Tag Archives: United Kingdom

Cameron’s attacks on the vulnerable and needy must be stopped | Mail Online

Let us make no mistake what we are witnessing from our Coalition Government is absolutely, unquestionably, categorically scandalous.

The ritual humiliation, brutalisation, threats and punishment of anyone who is considered ‘a burden to the state’. Anyone who is less than perfect, anyone who dares to find themselves in a position where they need the state to support them. Those people are the subject of shocking and terrifying behaviour at the hands of David Cameron’s Coalition.

Cultural observers could not fail to notice the similiarites between what is taking place here towards sick, disabled, elderly or any group perceived to be vulnerable and weak and what occurred in Hitler’s Germany.

This may not be ethnic cleansing that we are witnessing – and some are already experiencing – but it’s a type of cleansing all the same.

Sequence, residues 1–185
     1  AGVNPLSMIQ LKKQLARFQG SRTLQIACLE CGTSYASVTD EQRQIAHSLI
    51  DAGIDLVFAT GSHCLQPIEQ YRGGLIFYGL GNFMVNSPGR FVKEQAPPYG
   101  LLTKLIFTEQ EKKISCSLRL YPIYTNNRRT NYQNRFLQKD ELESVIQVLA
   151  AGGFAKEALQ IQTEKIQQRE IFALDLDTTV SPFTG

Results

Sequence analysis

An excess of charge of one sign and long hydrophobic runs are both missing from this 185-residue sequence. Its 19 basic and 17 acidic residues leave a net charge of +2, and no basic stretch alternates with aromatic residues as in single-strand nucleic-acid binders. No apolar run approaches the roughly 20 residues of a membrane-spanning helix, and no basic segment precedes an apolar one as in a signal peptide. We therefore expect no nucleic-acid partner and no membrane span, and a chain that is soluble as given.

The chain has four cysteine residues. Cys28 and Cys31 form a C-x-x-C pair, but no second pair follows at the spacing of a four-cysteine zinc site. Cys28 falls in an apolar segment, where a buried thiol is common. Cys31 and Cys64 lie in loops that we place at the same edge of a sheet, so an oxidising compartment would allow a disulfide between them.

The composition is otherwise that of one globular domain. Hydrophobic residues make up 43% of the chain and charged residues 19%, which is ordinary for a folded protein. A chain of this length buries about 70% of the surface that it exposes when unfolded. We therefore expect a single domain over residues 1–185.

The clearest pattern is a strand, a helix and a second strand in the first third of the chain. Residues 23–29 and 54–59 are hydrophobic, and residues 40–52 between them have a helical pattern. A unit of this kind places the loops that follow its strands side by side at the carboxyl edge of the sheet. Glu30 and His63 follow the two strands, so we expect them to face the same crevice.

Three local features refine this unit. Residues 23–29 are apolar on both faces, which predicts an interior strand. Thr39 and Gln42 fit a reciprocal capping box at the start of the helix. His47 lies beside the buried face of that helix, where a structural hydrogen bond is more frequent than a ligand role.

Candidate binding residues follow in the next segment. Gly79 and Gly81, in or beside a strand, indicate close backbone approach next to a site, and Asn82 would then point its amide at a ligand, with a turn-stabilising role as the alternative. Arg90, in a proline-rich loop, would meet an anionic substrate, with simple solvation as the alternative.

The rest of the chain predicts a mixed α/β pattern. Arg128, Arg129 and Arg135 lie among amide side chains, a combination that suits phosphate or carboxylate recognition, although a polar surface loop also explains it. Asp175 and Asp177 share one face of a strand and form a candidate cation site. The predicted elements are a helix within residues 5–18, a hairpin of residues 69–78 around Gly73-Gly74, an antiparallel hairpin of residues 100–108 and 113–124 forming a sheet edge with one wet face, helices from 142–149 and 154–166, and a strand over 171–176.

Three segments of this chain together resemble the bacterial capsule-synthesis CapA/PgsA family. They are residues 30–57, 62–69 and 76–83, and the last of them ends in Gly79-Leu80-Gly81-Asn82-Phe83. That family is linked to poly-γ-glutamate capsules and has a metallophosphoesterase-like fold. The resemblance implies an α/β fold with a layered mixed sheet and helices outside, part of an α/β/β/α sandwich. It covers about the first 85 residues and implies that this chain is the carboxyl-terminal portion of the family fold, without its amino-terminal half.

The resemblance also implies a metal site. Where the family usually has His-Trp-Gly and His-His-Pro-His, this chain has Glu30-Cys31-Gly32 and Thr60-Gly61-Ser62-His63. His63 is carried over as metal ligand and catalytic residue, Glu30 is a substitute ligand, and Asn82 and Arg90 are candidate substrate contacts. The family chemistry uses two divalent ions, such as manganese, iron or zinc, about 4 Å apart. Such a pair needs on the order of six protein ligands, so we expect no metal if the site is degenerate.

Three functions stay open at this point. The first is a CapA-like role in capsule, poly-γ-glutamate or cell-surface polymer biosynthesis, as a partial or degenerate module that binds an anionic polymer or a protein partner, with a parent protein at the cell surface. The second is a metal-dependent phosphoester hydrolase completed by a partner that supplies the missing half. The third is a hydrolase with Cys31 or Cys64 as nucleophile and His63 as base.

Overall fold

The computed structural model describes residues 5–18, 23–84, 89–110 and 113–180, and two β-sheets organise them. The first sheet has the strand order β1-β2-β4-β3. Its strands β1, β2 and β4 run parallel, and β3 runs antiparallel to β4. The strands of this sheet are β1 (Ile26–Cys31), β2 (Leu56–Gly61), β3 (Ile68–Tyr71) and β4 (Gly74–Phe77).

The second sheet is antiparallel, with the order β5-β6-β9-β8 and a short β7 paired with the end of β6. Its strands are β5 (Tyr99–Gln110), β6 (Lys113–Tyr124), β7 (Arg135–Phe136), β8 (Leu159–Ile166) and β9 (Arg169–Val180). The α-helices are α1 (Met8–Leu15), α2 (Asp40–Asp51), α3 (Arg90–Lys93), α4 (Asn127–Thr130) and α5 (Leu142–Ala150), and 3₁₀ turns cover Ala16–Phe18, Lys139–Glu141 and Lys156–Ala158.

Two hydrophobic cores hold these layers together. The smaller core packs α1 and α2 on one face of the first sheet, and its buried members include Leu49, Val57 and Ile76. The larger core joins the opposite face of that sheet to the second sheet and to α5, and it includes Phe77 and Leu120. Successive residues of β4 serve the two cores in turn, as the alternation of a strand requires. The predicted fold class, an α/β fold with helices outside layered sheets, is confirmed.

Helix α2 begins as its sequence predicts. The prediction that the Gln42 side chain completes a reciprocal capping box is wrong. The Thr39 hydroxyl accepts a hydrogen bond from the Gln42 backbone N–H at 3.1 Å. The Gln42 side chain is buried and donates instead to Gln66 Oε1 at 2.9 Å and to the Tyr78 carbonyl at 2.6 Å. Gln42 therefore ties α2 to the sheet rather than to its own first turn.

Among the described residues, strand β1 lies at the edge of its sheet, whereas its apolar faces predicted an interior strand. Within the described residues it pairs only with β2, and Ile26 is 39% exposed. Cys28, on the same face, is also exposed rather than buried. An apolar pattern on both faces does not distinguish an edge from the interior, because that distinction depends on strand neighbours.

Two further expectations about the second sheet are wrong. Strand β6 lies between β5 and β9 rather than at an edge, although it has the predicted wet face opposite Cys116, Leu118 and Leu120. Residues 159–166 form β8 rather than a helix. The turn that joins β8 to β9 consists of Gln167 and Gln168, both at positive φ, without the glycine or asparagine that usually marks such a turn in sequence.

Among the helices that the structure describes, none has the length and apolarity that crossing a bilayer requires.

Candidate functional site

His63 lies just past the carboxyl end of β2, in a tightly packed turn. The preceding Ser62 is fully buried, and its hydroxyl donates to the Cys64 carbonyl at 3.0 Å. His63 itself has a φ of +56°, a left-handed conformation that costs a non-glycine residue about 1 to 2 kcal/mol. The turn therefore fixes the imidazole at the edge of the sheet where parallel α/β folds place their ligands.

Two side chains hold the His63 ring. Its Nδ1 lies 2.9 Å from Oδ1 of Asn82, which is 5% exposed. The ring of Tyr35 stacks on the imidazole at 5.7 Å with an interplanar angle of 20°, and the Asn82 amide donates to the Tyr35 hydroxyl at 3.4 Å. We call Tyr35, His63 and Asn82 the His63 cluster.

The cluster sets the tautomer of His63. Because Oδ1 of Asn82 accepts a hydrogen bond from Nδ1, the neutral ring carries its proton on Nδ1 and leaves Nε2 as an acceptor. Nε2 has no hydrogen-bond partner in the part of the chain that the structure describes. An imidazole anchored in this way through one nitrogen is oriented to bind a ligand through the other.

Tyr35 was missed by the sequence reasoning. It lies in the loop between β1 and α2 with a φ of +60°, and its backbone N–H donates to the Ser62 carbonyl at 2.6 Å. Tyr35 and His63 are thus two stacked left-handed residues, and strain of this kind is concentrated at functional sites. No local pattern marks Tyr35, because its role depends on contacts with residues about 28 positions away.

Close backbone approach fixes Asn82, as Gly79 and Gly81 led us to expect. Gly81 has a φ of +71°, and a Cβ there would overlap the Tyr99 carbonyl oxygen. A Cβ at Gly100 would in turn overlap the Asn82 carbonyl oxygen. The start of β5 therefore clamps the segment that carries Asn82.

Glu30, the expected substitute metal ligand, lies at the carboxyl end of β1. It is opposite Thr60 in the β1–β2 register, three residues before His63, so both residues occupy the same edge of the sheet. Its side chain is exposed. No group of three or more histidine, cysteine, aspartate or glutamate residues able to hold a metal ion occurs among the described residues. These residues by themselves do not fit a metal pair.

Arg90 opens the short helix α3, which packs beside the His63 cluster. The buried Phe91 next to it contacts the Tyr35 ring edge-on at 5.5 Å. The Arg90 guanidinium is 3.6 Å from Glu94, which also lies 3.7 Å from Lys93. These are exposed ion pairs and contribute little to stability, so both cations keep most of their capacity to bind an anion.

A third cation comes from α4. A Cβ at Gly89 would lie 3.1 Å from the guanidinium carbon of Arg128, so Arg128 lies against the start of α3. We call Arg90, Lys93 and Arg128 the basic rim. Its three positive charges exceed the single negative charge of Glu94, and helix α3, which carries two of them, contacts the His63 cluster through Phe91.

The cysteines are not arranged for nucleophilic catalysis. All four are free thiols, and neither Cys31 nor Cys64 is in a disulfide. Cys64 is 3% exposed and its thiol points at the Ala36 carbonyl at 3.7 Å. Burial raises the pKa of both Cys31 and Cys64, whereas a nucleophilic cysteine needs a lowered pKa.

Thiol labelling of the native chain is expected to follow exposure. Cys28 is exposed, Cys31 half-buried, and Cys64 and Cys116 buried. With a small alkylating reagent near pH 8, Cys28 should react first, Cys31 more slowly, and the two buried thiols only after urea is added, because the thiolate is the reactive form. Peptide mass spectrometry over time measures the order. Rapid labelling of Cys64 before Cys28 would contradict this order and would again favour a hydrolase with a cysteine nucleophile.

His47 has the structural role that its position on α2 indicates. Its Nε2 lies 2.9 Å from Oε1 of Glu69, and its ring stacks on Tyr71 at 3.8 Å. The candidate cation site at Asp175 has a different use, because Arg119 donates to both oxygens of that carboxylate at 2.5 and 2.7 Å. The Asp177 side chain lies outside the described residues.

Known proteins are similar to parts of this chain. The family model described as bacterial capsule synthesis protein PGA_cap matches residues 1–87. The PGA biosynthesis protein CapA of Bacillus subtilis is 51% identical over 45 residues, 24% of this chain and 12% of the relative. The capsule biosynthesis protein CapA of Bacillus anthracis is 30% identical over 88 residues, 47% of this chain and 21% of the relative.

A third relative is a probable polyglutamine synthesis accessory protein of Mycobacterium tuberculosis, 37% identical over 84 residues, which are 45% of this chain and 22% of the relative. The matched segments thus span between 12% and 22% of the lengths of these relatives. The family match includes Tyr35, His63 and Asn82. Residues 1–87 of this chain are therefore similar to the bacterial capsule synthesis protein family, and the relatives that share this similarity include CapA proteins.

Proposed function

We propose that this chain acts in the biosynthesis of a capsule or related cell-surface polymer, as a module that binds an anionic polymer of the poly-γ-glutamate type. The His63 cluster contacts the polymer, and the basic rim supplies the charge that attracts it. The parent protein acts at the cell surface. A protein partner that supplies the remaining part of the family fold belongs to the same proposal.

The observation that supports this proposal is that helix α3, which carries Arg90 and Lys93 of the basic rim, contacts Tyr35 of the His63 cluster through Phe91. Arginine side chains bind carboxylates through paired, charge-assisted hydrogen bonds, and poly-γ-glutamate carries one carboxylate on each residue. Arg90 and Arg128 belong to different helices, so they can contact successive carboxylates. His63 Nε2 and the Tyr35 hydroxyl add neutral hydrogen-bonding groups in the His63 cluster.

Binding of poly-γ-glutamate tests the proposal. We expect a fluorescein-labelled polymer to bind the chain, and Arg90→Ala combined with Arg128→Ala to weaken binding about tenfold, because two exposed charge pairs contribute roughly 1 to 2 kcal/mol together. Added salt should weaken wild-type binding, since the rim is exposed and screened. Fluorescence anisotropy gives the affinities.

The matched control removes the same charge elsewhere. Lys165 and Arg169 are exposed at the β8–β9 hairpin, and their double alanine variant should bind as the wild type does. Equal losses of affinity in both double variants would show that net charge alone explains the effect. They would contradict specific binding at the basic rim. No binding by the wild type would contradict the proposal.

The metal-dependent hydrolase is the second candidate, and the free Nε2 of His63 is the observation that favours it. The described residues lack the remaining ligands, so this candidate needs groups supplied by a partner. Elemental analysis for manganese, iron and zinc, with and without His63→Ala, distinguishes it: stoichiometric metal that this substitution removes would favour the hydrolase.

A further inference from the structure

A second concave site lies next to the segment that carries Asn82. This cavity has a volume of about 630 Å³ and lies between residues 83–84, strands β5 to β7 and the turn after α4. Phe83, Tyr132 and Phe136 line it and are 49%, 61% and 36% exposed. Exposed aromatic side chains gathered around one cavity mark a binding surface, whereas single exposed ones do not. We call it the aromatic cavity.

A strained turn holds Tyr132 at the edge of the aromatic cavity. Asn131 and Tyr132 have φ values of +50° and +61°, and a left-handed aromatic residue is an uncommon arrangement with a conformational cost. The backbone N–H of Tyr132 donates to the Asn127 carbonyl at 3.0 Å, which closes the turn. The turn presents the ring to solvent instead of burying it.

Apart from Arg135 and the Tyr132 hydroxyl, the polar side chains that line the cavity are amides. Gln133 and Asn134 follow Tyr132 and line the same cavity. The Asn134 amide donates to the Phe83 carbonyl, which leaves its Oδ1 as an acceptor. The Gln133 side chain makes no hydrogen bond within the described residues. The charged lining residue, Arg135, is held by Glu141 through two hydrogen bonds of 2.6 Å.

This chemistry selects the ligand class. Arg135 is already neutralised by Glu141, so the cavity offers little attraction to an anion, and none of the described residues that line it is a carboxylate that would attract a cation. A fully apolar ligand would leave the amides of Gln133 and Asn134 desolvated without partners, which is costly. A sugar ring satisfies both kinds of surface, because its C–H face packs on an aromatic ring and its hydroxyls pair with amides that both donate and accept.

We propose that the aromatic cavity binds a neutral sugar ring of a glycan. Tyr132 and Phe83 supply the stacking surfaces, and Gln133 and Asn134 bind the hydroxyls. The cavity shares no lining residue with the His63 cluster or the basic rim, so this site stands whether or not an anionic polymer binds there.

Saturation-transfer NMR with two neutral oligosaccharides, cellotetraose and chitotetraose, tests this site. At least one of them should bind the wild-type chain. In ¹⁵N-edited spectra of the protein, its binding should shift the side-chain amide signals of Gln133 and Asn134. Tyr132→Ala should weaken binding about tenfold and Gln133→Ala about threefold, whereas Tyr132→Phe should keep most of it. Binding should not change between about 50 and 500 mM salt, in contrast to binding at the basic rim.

There are hundreds of thousands of people around our country right now who are absolutely petrified for their future. It appears so hopeless. There have already been a number of suicides from people who left behind messages to the effect that they simply could not take the hardship any more. Could not face another winter without sufficient food or heat. And in the UK in 2012. Doesn’t it make you proud?

Some of the actions that are being carried out around our great country – and it’s still great no matter what the idiots trying to make it’s not say – are an absolute living outrage and we cannot condone it in any way shape or form.

This Coalition have long since crossed the line of decency. Their attacks on those who need our help the most are vile, and transparently so, and must be stopped. Else we all live to regret it.

I apologise for linking to an article on the Daily Fail’s web site. I generally avoid anything that homophobic, racist, misogynist comic has to say. However, I sense a change of attitude emanating from that quarter—and this article (I do not know if it appears in the print edition) demands to be read and shared widely.

I’ll make no further comment. I’m getting too annoyed by it at the moment.

We’re all in this together…